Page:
Addressing Unemployment in China

June 17, 2020


The paramount goal coming out of the annual meeting of China’s legislators in Beijing last month was stability, specifically employment stability. Where in the economy is unemployment most likely to spike and what actions will central and local government take to reduce its scale?

Where might unemployment spike?

By sector, three major areas look vulnerable:

  • Exporters: The swift recovery of export volumes as the lockdown ended was primarily to catch up on earlier orders. The pipeline has not refilled and major uncertainties remain. Government planning considers up to 10 million jobs to be at risk.
  • Service sector SMEs: Many SMEs had no capital reserves and made just enough cash flow each week to continue to operate. To reopen they need to borrow working capital from friends and family but even then, they can’t operate sustainably if social distancing and hygiene requirements impose cost and capacity constraints on them.
  • Multinationals: The global edicts to cut x% of staff are rolling out. Even companies operating at 90% of pre-virus levels are developing plans to cut staff and many have already frozen hiring. Letting staff go in China is an intentionally burdensome process, some multinationals will be tempted to cut corners.

By type of worker, the two most vulnerable segments, as usual, are:

  • Migrant workers: Government reports indicate that 90% of pre-virus migrant workers are back at their jobs. But as many work in export industries, their income and jobs are clearly vulnerable. Migrant workers working in restaurants and other local service firms have fewer hours and are the most vulnerable to cutbacks. Only in the construction sector do migrant workers look secure, as government funds to boost infrastructure spending this year roll out.
  • New graduates: 2020 was always going to be a tough year for graduates. It has been a challenge for several years now for graduates to find jobs that meet their expectations. With multinationals and many private sector companies scaling back, available options are much reduced. The state-owned sector and government itself is not of the scale to take up the slack.

By geography, three areas stand out:

  • North East China, where the economy was already struggling to achieve any growth, even in years when China overall was growing at 6%.
  • Export focused cities in the east and south, where the percent of output that normally heads for export can be over 50%.
  • University towns. Many graduates like to take up jobs in cities where they have studied. The pressure to find jobs for graduates is not evenly spread across the country.

What actions will Government take?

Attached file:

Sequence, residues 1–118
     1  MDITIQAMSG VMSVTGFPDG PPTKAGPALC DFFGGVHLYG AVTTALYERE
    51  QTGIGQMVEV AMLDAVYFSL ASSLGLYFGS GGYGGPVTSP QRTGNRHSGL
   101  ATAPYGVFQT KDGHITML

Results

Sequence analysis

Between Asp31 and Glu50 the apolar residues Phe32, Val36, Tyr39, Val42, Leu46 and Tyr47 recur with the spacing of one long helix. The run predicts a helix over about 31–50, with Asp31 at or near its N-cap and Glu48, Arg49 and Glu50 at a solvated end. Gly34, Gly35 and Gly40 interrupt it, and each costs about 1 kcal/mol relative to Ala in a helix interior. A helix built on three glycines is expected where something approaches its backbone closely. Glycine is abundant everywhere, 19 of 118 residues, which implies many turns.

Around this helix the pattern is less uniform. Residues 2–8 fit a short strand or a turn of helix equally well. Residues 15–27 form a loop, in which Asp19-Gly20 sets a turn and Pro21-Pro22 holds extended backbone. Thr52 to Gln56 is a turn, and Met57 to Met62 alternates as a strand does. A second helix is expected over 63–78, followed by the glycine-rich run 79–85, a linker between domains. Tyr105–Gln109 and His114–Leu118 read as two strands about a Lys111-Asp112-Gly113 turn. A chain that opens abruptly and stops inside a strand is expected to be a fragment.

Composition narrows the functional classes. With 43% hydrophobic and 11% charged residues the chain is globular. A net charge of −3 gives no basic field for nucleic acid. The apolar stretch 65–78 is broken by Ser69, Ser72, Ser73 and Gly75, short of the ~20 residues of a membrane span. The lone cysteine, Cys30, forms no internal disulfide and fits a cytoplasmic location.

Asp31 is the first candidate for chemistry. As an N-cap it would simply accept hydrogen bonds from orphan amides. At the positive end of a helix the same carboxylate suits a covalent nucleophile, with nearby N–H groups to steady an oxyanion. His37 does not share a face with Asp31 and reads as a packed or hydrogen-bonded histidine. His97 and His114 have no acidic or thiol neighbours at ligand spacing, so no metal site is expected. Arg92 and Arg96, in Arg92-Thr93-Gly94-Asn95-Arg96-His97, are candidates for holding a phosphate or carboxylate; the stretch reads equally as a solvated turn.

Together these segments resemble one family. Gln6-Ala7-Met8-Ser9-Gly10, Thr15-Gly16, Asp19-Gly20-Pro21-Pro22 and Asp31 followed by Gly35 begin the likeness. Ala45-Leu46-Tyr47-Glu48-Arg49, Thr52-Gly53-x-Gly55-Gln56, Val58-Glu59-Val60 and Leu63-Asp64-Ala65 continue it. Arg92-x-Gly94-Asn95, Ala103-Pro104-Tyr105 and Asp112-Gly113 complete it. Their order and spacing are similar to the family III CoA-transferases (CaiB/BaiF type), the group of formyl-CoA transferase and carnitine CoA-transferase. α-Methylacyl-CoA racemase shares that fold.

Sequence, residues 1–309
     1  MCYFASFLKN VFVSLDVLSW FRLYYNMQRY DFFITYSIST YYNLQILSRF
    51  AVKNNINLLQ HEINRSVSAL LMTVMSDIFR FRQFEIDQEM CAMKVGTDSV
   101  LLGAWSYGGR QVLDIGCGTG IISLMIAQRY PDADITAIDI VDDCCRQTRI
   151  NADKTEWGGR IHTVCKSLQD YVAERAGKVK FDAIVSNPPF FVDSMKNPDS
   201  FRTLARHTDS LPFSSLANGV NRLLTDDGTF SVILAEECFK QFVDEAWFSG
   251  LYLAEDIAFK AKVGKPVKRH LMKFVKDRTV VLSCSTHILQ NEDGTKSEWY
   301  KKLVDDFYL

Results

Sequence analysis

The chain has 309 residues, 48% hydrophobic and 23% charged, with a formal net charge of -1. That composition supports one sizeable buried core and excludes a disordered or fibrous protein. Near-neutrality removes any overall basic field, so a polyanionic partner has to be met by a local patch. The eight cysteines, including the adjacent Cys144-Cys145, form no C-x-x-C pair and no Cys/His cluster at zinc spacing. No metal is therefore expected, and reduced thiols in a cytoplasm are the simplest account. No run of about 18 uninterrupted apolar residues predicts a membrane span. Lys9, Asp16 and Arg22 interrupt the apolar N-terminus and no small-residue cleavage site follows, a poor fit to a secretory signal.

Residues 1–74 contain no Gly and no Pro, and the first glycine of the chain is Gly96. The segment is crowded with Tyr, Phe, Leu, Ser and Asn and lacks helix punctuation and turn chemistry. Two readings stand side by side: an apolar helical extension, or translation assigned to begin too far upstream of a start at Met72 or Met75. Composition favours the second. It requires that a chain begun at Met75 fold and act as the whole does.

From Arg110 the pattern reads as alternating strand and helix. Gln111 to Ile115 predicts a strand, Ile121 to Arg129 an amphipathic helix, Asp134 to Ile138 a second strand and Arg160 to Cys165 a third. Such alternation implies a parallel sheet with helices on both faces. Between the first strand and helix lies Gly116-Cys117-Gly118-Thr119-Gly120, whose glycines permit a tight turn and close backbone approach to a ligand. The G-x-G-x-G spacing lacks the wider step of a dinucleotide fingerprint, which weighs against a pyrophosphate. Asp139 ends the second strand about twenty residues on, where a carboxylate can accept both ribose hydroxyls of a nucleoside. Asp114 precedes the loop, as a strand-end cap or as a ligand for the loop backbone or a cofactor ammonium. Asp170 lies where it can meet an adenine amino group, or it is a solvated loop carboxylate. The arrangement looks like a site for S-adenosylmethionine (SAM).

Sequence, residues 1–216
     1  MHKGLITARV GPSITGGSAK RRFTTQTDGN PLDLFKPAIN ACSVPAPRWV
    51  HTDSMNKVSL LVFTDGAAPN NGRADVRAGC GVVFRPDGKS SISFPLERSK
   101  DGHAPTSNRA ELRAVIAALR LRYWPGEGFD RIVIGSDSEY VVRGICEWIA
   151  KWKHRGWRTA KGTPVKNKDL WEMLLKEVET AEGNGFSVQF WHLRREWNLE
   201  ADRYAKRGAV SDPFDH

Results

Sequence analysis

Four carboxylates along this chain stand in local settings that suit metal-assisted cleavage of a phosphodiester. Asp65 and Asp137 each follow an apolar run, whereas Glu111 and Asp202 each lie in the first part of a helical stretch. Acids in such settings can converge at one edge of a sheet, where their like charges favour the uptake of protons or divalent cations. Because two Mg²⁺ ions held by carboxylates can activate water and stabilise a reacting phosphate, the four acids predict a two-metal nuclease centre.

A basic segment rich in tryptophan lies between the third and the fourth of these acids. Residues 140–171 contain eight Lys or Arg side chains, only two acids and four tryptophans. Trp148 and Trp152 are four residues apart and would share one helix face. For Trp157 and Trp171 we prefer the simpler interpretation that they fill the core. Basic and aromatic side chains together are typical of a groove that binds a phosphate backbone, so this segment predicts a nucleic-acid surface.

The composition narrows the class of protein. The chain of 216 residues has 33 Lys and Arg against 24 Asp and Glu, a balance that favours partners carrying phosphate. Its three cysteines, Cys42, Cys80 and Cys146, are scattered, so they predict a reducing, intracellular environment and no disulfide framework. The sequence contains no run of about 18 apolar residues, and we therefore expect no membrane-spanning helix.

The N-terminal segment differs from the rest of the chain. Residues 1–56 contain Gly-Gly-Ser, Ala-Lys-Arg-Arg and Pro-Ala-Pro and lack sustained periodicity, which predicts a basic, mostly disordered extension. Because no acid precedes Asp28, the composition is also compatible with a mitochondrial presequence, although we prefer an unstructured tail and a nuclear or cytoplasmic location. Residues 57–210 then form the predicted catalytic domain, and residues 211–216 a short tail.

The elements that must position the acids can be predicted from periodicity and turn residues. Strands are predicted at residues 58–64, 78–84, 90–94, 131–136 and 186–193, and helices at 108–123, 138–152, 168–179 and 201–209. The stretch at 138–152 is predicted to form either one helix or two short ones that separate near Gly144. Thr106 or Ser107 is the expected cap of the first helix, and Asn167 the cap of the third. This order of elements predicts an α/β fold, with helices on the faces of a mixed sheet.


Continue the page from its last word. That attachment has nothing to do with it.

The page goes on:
Central and local government is becoming increasingly active, indicating their level of concern.

  • For Exporters: Funding is available from special local government bond issues to help exporters pivot to domestic markets.
  • For Service sector SMEs there are multiple programs: The People’s Bank of China (PBOC) is buying SME loan books from Chinese banks, taking the risk of non-payment off their books, and to encourage them to lend more. Central government funds are bypassing provincial level intermediaries to go directly to local governments to pass on through reduced fees and taxes to local SMEs. State banks are partnering with internet companies, who have troves of data on SMEs, who use their platforms to co-lend to SMEs with greater confidence.
  • For multinationals: There will be more stick than carrot. Local governments will seek to arm twist, and name and shame companies to minimize layoffs. If that fails, expect that employment laws will be enforced to the last letter.
  • For migrant workers: The return of subsistence retail is being encouraged across China. This will allow workers to set up low/no overhead street stalls, that had gradually been banned over the last twenty years. While this clearly risks breaching health and safety standards, this is seen as a lesser evil than high unemployment. This is likely to be a temporary measure, with these stallholders pushed into the formal economy or out of business within a year. Local governments are also supporting gig economy companies (e.g. food delivery) to take on hundreds of thousands of extra workers, even if the implication of that is that the existing body of drivers receive lower income. Sharing the pie is the goal. Drivers have gone on strike in some cities over these changes, but government will likely continue to back employers.
  • For new graduates: Cities, such as Xian, are offering to subsidize graduate roles with local companies in “industries of the future” such as AI, healthcare, robotics, and big data. Graduates are also eligible for housing subsidies, with higher subsidies available to graduates of overseas universities. State-owned enterprises and government departments have been instructed to increase their recruiting as in the past. 


Amidst this gloom there is a silver lining for multinationals, provided they still believe in the long-term potential for their business in China. Across the board, more talent is available, and it is currently cheaper and potentially more stable than in recent years. Specifically in technology sectors, actions by the US government to exclude Chinese graduates from certain PhD programs in the US, to make it extremely difficult for hundreds of thousands to return to the US to complete ongoing studies, and to put off even more from even applying to US post-graduate programs, means that this talent is now available to hire in China.